Thousands of French Were Unable to Vote on Sunday
- Author: Leroy Wright Apr 25, 2017,
Apr 25, 2017, 15:50
After rising nearly 23% following the election of President Donald Trump, the Financial Select Sector SPDR Fund ETF has fallen 7.5% from its recent high as traders price in the possibility that Trump's plans to cut taxes and roll back regulations might take longer to enact than previously expected.
Part of that strategy would be to remind voters of Mr Macron's former role as a deal-maker in investment banking and economy minister under Mr Hollande.
Earlier the leaders of the Greens, the Liberal Democrats and the Scottish National party had all backed Macron, who topped the poll in the first round of the French election with 23.8%.
Political analysts say Macron's apparent win today showed that many French people still believe in a more liberal, open, global society even as populists have won big victories in the a year ago with the United Kingdom's vote to leave the European Union and Donald Trump's election in the United States.
Ms Le Pen will be keen to avoid a repetition of 2002 when her father and National Front founder, Jean-Marie Le Pen, got through to the second round in a surprise vote but went on to lose in a humiliating landslide against right-wing president Jacques Chirac.
France's political mainstream, shut out of the presidency by an angry electorate, united on Monday to call on voters to back centrist Emmanuel Macron and reject Marine Le Pen's populist nationalism.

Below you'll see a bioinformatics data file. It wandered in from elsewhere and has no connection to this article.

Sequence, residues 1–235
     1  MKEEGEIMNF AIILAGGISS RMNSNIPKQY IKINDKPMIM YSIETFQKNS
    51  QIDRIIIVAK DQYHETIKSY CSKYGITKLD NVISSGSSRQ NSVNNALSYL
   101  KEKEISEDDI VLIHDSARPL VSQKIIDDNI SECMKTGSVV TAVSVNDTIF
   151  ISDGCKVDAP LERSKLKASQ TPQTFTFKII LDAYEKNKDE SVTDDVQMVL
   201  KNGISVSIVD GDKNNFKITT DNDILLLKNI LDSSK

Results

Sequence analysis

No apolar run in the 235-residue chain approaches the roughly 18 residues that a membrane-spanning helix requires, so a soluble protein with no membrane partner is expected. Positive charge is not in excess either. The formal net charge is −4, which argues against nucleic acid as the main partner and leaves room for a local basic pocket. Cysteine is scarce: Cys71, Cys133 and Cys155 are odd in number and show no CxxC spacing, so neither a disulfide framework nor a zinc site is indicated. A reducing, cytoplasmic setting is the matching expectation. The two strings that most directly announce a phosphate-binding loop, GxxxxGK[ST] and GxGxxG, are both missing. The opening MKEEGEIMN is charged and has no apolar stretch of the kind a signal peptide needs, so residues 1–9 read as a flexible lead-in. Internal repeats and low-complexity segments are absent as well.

Choosing from inside the system is no longer an option, as voters rejected the two mainstream parties which have alternated power for decades in favour of Ms Le Pen and the untested Mr Macron, who has never held elected office and who founded his own political movement just past year.
Macron's rise - he topped the poll in yesterday's first round featuring eleven candidates - is an object lesson for Europe's centrist politicians in how to combat the populism of the right. He said: "All progressives and democrats across Europe will be wishing Emmanuel Macron well in his runoff contest against the forces of the far right".
The latest polls by Ipsos-Sopra Steria and Harris Interactive showed that Macron would win 62-64 percent against 36-38 percent for Le Pen if the runoff were held today.
"The voters who voted for Mr. Melenchon are angry voters".
"I think that the success - even if it's just the first round now - of Macron is also a good indication there are still very powerful forces in French society".
"I want to be the president of patriots against the threat of nationalists", Macron told a cheering crowd of supporters.
Turnout was 78%, down slightly from 79% in the first round of presidential voting in 2012.
Six officers and three demonstrators were injured during the protests at the Place de la Bastille.
Voters aged 18-24 came out in large numbers to support far-left candidate Jean-Luc Mélenchon (who won around 30% of the youth vote). Twenty-nine people were detained at the Bastille, where protesters waved red flags and sang "No Marine and No Macron!" in anger at the results.